Although targeted therapies have transformed medical oncology, traditional cytotoxic chemotherapeutics remain one of the primary cancer treatments. Toxicity to normal tissues, the renewable tissue in particular continues to represent major challenge in the clinic. Effective strategies of normal tissue protection are in great need for reducing the side effects and thus improving cancer patient?s quality of life. We recently uncovered a novel mechanism by which p53-regulated MDM2 functions together with MDMX to govern DNA damage sensitivity by targeting EZH2 for degradation. As a histone methyltransferase, EZH2 promotes H3K27me3 and therefore chromatin compaction to protect DNA. We showed that interference of the association between MDM2 and MDMX could stabilize EZH2, resulting in protection of renewable tissues from DNA damage agents-induced acute injury. Based on these findings, we propose to test the hypothesis that the MDM2/MDMX complex can be targeted for EZH2 stabilization and thereby for normal tissue chemotherapy protection. The deliverable of this proposal is to establish a novel strategy of targeting MDM2/MDMX-regulated EZH2 to selectively protect normal cells. Additionally, the proposal will develop the pharmacological approach and has already identified lead compounds. Therefore the success of our proposed studies would pave the way of targeting MDM2/MDMX- regulated EZH2 for chemotherapy protection to the clinic, promising a great potential to enhance the efficacy of chemotherapy and to improve patient quality of life.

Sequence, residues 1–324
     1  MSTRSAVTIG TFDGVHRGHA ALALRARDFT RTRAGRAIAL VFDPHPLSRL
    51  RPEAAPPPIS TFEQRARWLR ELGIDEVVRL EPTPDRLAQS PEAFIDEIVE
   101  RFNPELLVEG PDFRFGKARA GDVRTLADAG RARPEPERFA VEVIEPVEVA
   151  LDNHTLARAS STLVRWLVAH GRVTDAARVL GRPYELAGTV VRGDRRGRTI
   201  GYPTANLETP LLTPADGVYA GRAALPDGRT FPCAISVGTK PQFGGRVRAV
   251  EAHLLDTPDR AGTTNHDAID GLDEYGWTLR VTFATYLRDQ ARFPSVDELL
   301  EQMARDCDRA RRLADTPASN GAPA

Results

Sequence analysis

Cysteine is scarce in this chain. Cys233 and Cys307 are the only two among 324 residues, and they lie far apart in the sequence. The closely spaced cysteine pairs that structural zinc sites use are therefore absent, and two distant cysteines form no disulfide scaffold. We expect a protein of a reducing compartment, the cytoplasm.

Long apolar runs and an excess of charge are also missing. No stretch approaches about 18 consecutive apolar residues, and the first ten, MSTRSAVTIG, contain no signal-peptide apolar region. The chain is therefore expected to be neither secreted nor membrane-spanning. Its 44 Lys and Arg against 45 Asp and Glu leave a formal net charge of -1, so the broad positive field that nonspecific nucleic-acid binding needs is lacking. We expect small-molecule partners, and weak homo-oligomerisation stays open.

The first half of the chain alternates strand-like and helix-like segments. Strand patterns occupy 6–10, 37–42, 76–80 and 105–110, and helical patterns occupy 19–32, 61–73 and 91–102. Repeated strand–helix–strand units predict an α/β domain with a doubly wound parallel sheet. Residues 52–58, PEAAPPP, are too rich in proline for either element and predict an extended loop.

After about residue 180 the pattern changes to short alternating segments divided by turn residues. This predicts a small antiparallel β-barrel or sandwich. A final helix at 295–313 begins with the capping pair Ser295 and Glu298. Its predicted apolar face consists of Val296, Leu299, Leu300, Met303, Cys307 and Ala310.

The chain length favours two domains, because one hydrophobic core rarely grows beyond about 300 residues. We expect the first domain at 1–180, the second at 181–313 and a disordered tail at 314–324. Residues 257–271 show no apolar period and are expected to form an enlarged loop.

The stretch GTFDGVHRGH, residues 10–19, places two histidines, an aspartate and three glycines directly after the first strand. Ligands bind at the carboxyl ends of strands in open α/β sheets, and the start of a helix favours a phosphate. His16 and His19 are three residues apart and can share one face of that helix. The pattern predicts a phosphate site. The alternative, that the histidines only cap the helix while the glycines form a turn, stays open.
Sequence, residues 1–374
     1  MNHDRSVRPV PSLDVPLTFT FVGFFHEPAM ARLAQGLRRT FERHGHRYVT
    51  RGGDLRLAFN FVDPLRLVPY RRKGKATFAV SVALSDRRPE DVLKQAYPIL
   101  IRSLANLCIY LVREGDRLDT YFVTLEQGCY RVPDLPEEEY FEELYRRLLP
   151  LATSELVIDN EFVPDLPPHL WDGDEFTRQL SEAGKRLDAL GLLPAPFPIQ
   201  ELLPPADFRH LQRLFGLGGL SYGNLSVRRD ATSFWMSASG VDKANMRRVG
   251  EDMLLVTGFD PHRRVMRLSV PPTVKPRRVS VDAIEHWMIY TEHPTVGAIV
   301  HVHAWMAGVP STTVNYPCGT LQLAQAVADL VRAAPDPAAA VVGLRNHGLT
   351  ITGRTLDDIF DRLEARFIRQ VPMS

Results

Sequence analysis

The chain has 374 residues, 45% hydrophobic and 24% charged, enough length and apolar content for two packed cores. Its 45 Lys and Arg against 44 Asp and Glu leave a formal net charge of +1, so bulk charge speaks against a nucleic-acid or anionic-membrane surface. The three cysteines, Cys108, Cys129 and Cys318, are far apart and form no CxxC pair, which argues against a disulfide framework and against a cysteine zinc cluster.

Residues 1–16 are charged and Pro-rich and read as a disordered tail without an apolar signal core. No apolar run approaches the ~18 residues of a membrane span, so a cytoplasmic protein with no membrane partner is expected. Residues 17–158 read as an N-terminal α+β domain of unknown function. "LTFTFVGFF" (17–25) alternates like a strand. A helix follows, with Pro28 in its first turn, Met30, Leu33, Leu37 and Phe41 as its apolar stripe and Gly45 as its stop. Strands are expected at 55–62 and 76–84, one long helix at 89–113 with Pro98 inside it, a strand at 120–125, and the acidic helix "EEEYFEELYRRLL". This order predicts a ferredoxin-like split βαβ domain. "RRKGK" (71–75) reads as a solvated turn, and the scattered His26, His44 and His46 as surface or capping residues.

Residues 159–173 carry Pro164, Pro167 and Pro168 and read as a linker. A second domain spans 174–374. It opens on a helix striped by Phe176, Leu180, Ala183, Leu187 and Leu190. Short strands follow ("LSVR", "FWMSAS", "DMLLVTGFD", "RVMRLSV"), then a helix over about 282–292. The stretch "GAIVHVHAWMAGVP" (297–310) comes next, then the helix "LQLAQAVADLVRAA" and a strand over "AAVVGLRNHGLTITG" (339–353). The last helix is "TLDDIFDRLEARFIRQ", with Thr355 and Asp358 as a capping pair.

We aim in this proposal to address a major issue of normal tissue toxicity of chemotherapy. We propose to develop a novel strategy by targeting MDM2/MDMX-regulated EZH2 for protection of normal tissues. Information derived from this work would not only advance our understanding of the mechanism of normal tissue sensitivity to DNA damage but also pave a way to clinic.